LSA junior Joey DeBartolo was walking down Hill Street at about 2 p.m. on a Sunday last month when a white van pulled into a driveway, cutting her off. She tried walking around the car when a man got out and demanded her purse. He forcibly took her bag and sped away.
DeBartolo said she tried to run after him, but “you can’t catch a car going 40 miles per hour.”
When she tried to approach people on the street to ask if they’d seen the van, they shook her off and kept walking.
“I didn’t necessarily lose anything valuable,” she said. “But I feel like I lost something invaluable in the sense that I don’t feel safe on campus.”
DeBartolo now carries a small blue metal whistle emblazoned with the words “M All Together.” The whistle is part of a campaign by the University chapter of Hillel, the campus Greek system and the Sexual Assault Prevention and Awareness Center to promote safety and awareness of crime.
“We don’t believe that this is the end all, be all to making campus a safer place, but rather it is a part of a broader campaign to create a better and safer environment on campus,” said Perry Teicher, chair of Hillel’s governing board.
Teicher, an LSA junior who organized the event in conjunction with the Interfraternity Council and the Panhellenic Association, said the whistles are a “symbolic gesture” intended to indirectly prevent street crime by promoting awareness.
The idea behind the whistles is that if people carry them, they’re more likely to come to help someone who’s distressed in their time of need.
LSA senior Melissa Weston, education co-coordinator for SAPAC, said the campaign is a departure from the traditional idea that it’s a woman’s responsibility to drive a predator away with a loud noise, placing the emphasis instead on the community to take action.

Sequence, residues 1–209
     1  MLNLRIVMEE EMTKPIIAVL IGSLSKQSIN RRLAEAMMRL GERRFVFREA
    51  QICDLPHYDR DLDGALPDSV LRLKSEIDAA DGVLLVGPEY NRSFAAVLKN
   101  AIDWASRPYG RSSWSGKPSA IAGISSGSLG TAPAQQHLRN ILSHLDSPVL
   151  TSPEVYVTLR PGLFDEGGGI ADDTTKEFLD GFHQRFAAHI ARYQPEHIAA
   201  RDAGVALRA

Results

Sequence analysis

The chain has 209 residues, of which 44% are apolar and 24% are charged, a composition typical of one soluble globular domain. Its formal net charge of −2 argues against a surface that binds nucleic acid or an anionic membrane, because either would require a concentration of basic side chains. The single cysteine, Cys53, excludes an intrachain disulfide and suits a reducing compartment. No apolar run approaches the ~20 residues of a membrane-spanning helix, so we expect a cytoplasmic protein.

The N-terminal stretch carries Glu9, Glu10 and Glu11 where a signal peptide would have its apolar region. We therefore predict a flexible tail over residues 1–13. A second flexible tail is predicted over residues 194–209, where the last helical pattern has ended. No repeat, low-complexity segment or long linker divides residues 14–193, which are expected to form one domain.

“Traditionally it’s just women’s responsibility, and what this is doing it turning it around and saying this is all together our responsibility,” Weston said. “(The campaign will) kind of reclaim that metaphor.”
The recent rash of armed robberies on campus has caused some students to feel uneasy walking around on campus.
Department of Public Safety spokeswoman Diane Brown said the increased danger may be perceived instead of real.
“It’s hard for people your age to think of all the crimes of the ’60s and all the crimes of the ’80s, but those had their peaks too,” Brown said. “If you look on a chart, it doesn’t just keep on going up over the decades.”
DeBartolo said she doesn’t think she would have blown her whistle had she had it when she was accosted last month, butthat it helps people understand they need to self-police.
“I think it’s just a good idea in the sense that it shows, ‘Hey, we are we all supposed to be here together,’ ” she said. “Maybe if someone comes up to you says, ‘Hey did you see a white van go by,’ maybe you should stop.”
Where to get whistles
– Whistles are available at the offices of the University’s chapter of Hillel and at the Sexual Assault Prevention and Awareness Center.
– Organizers will distribute a batch of whistles to sororities, most likely sometime later this week.